- The Washington Times - Thursday, May 24, 2012

INDIANAPOLIS — Will Power has 18 victories since moving to America, where he’s one of the most decorated drivers in open-wheel racing.

But his resume has some glaring holes: He’s never won an Indianapolis 500, and he’s never won a championship.

“I’d just love to win something, just one time win something of significance,” he said Thursday. “I’m so sick of it.”

The most dominant driver in IndyCar the past three seasons isn’t content with his results. And make no mistake, they are impressive.

In 44 career starts since joining Penske Racing, Power has 15 wins, 20 poles, 24 podiums and has led at least one lap in 34 races.

“You think about his record with Penske Racing over the last three years, and he’s won almost one out of every three races he’s been in, and he’s been on the podium almost two-thirds of the time,” Penske said. “It really establishes him, from the road-racing perspective at least, as the top driver out there right now.”

But Power wants more — a lot more — and his chance to cross the Indy 500 off his list comes Sunday, when he’ll start fifth. He goes into the race as IndyCar’s points leader and has won the past three races of the season. Penske, meanwhile, is a 4-0 in races and 5-0 in qualifying.

So this might just be the year for Power to finally breakthrough. Maybe it will be at Indianapolis Motor Speedway in the race his team owner cherishes above all over. Or, maybe it will be in the title race, which he’s lost the past two years to four-time champion Dario Franchitti.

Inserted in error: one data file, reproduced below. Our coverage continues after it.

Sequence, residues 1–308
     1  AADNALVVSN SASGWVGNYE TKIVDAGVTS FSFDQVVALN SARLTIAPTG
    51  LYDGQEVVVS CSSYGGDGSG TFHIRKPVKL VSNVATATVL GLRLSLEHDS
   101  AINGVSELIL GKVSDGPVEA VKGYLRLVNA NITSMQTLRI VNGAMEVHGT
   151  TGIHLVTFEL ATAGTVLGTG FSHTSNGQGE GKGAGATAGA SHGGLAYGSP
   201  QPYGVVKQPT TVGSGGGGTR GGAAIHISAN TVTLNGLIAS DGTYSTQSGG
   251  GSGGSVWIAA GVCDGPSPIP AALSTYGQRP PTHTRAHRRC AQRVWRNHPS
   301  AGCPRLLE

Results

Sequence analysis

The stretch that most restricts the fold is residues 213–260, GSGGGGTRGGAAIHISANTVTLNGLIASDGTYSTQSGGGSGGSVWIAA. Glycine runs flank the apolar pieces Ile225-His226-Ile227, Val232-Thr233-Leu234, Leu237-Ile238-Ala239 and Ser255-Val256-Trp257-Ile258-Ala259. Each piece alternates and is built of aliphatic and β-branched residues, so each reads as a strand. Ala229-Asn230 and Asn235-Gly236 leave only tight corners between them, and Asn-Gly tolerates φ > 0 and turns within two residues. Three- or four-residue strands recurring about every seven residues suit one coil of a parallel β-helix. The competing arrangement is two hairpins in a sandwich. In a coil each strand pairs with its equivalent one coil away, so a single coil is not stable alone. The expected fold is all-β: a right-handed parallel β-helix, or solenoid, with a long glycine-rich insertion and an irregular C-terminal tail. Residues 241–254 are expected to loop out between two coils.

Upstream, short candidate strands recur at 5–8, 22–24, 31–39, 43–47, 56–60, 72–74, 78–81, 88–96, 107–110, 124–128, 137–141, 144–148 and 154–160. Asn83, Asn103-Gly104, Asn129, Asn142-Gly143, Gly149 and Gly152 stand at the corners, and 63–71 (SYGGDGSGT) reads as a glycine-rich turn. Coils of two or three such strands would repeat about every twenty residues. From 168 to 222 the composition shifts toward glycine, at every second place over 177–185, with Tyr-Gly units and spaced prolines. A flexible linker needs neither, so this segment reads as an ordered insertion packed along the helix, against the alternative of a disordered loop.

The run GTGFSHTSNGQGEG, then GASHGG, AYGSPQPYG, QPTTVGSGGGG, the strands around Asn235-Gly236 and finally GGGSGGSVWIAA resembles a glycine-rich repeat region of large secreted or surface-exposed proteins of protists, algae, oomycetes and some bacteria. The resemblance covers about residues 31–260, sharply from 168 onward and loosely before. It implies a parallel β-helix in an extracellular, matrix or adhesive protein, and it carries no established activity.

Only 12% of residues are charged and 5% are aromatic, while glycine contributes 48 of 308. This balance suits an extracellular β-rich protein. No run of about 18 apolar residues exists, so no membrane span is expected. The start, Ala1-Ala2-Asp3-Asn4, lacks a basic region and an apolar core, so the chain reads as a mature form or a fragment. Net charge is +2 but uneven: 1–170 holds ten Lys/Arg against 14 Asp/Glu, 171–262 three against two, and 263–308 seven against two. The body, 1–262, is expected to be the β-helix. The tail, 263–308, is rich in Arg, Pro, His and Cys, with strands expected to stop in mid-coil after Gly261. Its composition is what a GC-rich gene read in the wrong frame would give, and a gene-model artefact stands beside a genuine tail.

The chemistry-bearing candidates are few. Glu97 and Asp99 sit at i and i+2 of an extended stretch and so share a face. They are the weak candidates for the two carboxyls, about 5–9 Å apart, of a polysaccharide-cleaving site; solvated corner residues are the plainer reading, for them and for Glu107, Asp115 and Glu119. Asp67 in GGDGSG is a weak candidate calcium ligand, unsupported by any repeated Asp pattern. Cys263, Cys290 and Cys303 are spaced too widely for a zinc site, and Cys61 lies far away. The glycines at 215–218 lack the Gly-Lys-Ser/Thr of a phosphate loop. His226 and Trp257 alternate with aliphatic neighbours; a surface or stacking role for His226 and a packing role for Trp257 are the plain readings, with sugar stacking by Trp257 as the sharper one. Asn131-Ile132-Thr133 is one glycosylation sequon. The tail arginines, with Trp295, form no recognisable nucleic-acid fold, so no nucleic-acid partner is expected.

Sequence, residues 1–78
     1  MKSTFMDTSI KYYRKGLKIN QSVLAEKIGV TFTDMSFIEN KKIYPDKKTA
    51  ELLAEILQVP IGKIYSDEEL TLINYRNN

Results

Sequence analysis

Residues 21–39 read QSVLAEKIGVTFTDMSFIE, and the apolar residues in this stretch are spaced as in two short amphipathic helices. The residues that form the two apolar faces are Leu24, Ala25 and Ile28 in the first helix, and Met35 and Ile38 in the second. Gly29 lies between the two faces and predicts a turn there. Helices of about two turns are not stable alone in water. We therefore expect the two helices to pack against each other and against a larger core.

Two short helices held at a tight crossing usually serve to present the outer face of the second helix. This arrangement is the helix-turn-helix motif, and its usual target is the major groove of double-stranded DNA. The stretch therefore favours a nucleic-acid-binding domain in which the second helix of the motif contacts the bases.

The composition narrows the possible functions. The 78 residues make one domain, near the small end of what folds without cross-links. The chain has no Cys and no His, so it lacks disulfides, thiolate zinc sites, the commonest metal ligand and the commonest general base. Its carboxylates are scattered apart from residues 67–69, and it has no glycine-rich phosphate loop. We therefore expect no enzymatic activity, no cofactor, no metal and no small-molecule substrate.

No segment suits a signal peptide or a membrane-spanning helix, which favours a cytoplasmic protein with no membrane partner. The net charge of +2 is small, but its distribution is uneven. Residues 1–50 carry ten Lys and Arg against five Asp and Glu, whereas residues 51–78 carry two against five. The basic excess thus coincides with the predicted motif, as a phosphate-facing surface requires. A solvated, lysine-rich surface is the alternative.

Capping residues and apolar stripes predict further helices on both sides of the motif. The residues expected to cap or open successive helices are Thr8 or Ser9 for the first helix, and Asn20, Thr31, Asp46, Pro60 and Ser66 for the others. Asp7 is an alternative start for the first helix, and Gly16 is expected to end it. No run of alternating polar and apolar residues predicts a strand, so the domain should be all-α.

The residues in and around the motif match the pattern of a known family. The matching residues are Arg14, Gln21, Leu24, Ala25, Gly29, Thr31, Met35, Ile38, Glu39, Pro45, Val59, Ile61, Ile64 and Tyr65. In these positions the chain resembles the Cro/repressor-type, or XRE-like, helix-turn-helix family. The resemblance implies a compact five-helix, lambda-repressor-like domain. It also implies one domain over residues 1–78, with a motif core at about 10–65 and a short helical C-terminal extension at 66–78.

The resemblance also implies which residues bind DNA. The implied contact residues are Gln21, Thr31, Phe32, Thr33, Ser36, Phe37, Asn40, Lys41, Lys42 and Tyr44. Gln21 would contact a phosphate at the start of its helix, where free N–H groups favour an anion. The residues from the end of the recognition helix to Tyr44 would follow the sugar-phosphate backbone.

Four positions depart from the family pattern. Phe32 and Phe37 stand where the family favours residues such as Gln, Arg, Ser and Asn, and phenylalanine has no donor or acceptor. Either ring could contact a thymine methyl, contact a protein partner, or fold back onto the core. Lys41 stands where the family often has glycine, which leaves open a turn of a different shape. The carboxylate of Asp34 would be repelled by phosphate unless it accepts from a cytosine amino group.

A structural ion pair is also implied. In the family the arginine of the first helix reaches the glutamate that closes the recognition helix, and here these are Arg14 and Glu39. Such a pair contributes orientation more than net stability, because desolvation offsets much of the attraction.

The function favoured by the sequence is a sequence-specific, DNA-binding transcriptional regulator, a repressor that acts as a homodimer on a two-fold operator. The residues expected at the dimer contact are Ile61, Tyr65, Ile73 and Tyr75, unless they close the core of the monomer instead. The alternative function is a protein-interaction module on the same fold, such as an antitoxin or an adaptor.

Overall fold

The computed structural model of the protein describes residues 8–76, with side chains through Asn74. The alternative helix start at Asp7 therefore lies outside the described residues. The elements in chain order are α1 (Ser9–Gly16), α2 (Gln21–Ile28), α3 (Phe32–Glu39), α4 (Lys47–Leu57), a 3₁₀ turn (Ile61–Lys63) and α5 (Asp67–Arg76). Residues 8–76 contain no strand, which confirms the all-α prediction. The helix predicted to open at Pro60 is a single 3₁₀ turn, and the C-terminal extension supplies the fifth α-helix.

Even if Power never wins another race — something the uber-intense Australian often frets about - he’s still accomplished far more than he ever expected. He’d come close to quitting racing at the end of every season he spent in Europe, where he scraped together rides and racked up enormous debt in his quest to become a Formula One driver.

He thought for sure at the end of the 2004 season he was headed home to Australia for good and join the family canvas business, and once again, something came along that kept him in it another year. Then came the call from America, from Derrick Walker, who needed an Aussie driver for his Champ Car Series team.

Power was reluctant to consider the offer, and he knew moving to the U.S. probably would put an end to F1 forever. But the ledger showed a deficit near $500,000, and the job Walker had available would have paid him a salary for the first time in his driving career.

So he took it, and he’s never looked back.

F1 driver Mark Webber believes Power did the best thing for his career. A fellow Aussie, Webber had helped Power financially over the years and the two were even roommates for a time in Europe.

“He was in a similar position to me, coming through the junior ranks, with very, very, very little finances and I was in a position to help a little bit, mainly because I could see the hunger and I could see how much he wanted it,” Webber said. “He’s good enough to be at the top level in Europe, and that’s something he will live with for a long time. But he did cut his losses, the options did run out for him Europe.

“That’s how it goes. But ultimately, he’s done the right thing and he’s controlled his own destiny.”



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